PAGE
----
Both proofs of Dedekind are based on his famous 1888 memoir Was sind und was sollen die Zahlen? and derive it as a corollary of a proposition equivalent to statement C in Cantor's paper,[7] which reads A ⊆ B ⊆ C and |A| = |C| implies |A| = |B| = |C|. Cantor observed this property as early as 1882/83 during his studies in set theory and transfinite numbers and was therefore (implicitly) relying on the Axiom of Choice.

## Prerequisites

The 1895 proof by Cantor relied, in effect, on the axiom of choice by inferring the result as a corollary of the well-ordering theorem.[8][9] However, König's proof given above shows that the result can also be proved without using the axiom of choice.

On the other hand, König's proof uses the principle of excluded middle, to do the analysis into cases, so this proof does not work in constructive set theory. Even more, no proof at all can exist from constructive set theory alone (i.e. dispensing with the principle of excluded middle), since the Schröder–Bernstein theorem implies the principle of excluded middle.[19] Therefore, intuitionists do not accept the theorem.[20]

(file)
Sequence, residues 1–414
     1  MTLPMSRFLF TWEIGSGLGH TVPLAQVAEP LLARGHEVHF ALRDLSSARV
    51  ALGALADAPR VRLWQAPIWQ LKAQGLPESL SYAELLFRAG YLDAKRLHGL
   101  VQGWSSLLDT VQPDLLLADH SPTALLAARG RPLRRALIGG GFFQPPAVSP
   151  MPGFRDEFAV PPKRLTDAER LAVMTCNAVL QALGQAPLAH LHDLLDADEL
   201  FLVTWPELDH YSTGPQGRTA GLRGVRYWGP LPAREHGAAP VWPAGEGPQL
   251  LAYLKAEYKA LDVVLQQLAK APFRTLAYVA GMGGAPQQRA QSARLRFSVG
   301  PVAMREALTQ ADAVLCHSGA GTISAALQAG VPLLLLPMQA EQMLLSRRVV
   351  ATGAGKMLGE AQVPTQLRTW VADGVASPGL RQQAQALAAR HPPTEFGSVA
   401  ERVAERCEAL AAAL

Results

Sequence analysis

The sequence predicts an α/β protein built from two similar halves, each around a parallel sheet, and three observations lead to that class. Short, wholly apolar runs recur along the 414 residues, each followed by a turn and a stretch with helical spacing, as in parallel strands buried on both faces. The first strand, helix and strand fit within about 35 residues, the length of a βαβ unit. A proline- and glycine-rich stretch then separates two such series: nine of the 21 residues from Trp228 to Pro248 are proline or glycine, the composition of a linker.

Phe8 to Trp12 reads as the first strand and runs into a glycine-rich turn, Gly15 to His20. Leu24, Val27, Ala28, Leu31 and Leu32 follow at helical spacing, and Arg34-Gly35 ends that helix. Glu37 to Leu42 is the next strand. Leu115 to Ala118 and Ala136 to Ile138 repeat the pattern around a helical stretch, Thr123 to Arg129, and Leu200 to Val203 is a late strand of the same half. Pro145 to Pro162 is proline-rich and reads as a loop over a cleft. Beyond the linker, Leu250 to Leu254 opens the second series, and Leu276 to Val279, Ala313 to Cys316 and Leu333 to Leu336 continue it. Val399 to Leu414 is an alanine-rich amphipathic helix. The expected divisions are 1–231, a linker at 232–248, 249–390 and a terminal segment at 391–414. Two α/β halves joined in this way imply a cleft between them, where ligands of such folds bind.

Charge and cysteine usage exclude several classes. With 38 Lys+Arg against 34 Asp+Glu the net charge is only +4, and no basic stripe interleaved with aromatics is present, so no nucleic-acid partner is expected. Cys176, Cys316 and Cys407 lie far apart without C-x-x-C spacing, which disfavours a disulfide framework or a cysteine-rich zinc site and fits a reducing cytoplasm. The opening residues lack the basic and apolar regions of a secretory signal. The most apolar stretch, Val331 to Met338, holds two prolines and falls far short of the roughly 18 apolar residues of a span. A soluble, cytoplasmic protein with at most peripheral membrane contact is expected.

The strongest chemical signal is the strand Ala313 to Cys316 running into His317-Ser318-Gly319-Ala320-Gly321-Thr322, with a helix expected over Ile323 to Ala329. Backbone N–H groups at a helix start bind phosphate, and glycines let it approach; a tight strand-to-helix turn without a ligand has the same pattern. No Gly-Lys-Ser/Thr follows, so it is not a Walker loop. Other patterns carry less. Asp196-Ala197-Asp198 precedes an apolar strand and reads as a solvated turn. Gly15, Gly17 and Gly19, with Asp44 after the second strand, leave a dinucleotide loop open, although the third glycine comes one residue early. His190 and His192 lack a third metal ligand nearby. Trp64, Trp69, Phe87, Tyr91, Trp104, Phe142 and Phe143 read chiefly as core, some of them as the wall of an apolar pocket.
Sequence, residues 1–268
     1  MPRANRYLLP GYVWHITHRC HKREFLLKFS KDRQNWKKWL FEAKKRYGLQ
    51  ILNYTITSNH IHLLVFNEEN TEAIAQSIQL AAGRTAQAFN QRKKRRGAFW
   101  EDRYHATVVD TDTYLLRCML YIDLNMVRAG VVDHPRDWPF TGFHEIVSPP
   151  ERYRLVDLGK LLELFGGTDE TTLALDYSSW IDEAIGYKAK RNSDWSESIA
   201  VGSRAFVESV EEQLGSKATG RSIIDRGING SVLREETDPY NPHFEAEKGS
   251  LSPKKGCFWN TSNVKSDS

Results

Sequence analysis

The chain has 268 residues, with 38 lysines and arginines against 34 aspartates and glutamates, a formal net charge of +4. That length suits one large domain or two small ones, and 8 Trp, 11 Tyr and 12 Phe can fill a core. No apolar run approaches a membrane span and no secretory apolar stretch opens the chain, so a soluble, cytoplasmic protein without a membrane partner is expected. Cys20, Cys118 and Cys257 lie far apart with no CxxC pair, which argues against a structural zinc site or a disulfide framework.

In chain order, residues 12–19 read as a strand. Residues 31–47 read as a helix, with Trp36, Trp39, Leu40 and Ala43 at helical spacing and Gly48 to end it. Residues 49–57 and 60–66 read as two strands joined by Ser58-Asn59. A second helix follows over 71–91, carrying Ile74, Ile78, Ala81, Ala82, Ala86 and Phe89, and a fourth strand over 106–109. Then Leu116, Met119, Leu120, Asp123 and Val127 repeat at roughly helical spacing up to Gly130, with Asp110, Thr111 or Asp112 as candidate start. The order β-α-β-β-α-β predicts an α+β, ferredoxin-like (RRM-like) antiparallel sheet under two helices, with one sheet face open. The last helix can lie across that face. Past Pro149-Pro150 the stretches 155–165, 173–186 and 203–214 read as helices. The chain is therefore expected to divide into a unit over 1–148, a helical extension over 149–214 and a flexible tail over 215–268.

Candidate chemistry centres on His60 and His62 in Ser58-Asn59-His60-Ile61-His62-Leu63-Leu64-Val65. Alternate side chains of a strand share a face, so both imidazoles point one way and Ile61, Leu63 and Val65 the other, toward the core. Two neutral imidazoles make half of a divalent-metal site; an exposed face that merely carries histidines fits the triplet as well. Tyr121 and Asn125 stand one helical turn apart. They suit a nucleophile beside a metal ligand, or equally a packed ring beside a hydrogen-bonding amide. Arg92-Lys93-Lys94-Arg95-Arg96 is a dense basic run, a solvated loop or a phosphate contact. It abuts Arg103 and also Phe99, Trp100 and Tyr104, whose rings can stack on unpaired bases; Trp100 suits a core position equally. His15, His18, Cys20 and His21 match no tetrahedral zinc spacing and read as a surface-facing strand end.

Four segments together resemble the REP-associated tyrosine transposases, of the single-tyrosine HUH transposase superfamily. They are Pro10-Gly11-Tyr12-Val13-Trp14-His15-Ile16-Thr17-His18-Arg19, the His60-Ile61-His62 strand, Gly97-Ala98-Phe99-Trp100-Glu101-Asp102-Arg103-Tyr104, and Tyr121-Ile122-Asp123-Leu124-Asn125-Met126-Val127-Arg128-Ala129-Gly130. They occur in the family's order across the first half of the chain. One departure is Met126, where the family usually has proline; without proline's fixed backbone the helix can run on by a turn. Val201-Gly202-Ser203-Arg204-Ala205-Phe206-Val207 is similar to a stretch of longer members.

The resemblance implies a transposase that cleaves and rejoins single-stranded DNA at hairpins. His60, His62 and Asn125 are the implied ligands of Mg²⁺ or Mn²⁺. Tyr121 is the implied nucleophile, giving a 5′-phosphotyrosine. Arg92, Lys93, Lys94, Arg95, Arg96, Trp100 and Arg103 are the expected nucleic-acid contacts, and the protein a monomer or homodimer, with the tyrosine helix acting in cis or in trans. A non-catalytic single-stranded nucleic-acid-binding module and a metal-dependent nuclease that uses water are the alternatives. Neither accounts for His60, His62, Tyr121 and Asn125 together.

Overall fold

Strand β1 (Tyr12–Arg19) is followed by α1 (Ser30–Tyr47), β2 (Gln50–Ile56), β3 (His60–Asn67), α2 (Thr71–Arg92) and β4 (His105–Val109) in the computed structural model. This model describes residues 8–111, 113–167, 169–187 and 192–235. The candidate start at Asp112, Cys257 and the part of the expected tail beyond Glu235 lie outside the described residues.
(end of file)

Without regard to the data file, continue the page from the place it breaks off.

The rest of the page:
There is also a proof which uses Tarski's fixed point theorem.[21]

## Notes

1. ^ J. König (1906). "Sur la théorie des ensembles". Comptes Rendus Hebdomadaires des Séances de l'Académie des Sciences. 143: 110–112.
2. Felix Hausdorff (2002), Egbert Brieskorn; Srishti D. Chatterji; et al. (eds.), Grundzüge der Mengenlehre (1. ed.), Berlin/Heidelberg: Springer, p. 587, ISBN 978-3-540-42224-2Original edition (1914)
3. ^ a b Georg Cantor (1887), "Mitteilungen zur Lehre vom Transfiniten", Zeitschrift für Philosophie und philosophische Kritik, 91: 81–125